Netflix and Comcast Declare Peace
Netflix and Comcast announced today that they’ve come to terms on an interconnection agreement that they’ve been working out since their CEOs and technical teams met in Las Vegas during the Consumer Electronics Show. The details of the deal aren’t yet known, but in general it means that Comcast and Netflix will connect their networks as peers, which cuts middlemen Cogent, Level 3, and Tata out of the path between their networks. Many are speculating that Netflix is paying Comcast for direct connection, but most believe the fee is less than Comcast has been paying the transit providers. Officially, Netflix and Comcast aren’t discussing terms.
I use both Netflix and Comcast myself, and I’ve seen a more direct path to the Netflix servers for the last couple of weeks. Here’s what I see at the boundary between Comcast and Netflix when I run the “traceroute” command on my Macbook at home, disregarding private network hops and omitting the time stamps:
This says the Comcast residential network (ibone.comcast.net) connects to the Comcast Business Services network (220.127.116.11), which connects to the Netflix CDN (ix.nflxvideo.net) at the Equinix SV1 data center at 11 Great Oaks Blvd. in San Jose. The two firms most likely buy cross-connects from Equinix over which their traffic runs. This is not the only point of interconnection between Comcast and Netflix, just the one that happens to be most relevant to me since I live in the Silicon Valley area.
The path from my house to the Equinix data center goes through Pleasanton and San Francisco before it gets to San Jose, so the packets that I get from Netflix travel 100 miles across cables owned and maintained by Comcast. They travel a few feet from a Netflix server inside the Equinix SV1 building before connecting to the Comcast network through an Ethernet switch. So that’s the whole path from end-to-end. Most people are considerably farther away from Netflix than I am.
Both firms pay Equinix for ports on the Ethernet switch they share, which almost nobody finds controversial, but there are some raised eyebrows over the speculation that Netflix has to pay Comcast for carrying the packets as far as they do.
While very few people find it controversial that Netflix has to pay Cogent, Level 3, or Tata to carry their packets to the hundreds of ISPs in the US with who serve limited areas, there is a fairly widespread belief that Comcast should provide packet carriage for free to anyone who can directly connect to their network. A corollary to the belief about free carriage is a belief that this deal changes the Internet or makes net neutrality irrelevant.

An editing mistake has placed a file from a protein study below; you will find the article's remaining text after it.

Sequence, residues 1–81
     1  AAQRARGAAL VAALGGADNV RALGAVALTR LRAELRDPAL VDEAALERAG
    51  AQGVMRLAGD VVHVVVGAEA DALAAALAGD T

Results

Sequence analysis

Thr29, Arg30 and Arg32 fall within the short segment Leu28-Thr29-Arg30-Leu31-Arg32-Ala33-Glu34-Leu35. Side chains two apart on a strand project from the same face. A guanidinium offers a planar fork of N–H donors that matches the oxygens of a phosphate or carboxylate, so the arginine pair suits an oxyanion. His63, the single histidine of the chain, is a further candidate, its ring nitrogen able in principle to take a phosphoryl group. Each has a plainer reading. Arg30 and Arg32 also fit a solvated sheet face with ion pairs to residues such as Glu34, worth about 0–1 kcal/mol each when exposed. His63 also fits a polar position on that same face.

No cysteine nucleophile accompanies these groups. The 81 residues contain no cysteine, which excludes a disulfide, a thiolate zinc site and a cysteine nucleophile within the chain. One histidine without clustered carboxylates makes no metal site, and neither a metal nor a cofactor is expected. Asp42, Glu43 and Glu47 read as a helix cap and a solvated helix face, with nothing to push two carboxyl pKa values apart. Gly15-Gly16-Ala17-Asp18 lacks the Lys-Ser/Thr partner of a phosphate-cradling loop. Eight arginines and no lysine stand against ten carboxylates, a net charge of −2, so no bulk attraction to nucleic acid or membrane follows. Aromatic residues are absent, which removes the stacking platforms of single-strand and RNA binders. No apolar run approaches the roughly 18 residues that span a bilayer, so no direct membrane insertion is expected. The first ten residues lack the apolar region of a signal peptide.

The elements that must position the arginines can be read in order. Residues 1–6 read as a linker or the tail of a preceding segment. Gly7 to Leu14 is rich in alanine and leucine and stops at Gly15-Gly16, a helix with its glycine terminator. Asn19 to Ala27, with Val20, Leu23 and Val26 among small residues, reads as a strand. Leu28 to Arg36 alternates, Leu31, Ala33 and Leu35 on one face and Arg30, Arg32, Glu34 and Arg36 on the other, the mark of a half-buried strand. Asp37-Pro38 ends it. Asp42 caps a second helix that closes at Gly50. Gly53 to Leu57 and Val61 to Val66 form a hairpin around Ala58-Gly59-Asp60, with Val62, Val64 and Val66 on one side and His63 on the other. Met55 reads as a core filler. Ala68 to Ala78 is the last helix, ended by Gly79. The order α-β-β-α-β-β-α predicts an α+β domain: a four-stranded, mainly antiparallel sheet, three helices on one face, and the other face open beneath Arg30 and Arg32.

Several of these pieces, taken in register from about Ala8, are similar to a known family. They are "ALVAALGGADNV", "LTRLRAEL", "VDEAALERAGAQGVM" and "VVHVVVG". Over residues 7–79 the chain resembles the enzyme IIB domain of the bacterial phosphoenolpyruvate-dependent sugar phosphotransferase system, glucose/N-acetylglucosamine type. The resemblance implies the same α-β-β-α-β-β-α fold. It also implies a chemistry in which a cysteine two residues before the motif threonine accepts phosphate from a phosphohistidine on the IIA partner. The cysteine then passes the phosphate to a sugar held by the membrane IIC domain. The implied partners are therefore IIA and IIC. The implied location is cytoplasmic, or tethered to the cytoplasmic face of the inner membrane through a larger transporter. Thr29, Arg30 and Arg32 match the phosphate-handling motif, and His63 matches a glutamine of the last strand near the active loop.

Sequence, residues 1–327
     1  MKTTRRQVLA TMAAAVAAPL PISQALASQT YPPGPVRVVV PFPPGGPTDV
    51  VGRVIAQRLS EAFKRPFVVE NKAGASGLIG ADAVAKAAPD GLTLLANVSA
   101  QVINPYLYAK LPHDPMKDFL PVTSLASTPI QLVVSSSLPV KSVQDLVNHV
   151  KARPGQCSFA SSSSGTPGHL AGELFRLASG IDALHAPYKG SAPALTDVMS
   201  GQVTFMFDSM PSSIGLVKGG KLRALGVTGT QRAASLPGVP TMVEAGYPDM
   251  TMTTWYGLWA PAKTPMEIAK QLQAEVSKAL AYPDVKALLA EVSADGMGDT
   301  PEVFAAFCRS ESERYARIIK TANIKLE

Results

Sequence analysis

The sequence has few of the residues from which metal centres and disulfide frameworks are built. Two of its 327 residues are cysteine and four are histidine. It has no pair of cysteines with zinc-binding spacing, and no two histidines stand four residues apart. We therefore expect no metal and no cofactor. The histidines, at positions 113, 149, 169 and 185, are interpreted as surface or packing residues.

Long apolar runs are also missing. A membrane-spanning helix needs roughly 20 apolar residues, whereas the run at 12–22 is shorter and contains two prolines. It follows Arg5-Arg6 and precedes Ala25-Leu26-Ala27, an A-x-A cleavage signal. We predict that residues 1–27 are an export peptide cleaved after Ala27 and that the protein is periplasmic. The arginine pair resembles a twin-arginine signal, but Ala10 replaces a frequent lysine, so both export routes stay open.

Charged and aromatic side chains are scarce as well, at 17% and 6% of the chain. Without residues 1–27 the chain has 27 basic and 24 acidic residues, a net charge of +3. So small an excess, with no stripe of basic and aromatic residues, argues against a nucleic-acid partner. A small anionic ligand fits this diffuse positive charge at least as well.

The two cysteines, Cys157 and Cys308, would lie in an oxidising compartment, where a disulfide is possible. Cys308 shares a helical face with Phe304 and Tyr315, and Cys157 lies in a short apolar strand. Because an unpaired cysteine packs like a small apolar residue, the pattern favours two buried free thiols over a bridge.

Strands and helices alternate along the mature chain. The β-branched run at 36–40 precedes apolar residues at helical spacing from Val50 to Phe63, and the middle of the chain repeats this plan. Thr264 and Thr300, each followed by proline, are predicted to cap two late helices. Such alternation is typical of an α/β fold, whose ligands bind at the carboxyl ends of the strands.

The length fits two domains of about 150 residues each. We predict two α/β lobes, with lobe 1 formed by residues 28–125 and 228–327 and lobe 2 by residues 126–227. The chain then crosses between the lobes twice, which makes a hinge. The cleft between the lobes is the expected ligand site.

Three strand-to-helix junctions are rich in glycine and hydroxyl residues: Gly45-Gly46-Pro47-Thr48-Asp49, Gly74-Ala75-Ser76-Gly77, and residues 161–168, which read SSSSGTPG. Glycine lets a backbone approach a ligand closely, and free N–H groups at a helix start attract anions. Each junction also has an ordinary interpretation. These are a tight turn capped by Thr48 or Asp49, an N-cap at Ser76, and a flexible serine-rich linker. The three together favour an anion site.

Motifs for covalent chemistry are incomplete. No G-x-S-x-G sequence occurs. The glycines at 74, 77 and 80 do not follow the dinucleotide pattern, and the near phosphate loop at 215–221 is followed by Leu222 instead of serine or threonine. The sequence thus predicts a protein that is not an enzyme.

These kinds of arrangements – known as “paid peering” – have been going on since the days of AOL, but have become more prominent since the rise of video streaming. I wrote a post on GigaOm about them more that four years ago, and Akamai has been connecting its Content Delivery Network to ISPs directly for as long as it has been in business (since 1998.)
The bottom line to American consumers, investors, and entrepreneurs is whether paid peering is harmful to their long-term interests, not whether it violates any obscure and poorly reasoned principles such as net neutrality. Does the existence of paid peering agreements between large and successful firms such as Netflix (with its 40 million customers) and Comcast (with 20 million going on 30 million) harm the chances of start-up service providers to get into the video service game or related businesses?
The usual suspects are certain that paid peering is harmful: Public Knowledge VP Harold Feld characterizes it as a “back end connection” that provides Netflix with “higher last mile speeds”, and his Free Press counterpart accuses Comcast of “abusing its gatekeeper status.” TechCrunch’s Greg Ferenstein supposes the deal “may be legally outside of the traditional net neutrality rules” despite the fact that it’s clearly outside the scope of said rules. Dan Rayburn, one of the small number of bloggers who actually understands peering, streaming, and CDNs, fumes at Ferenstein: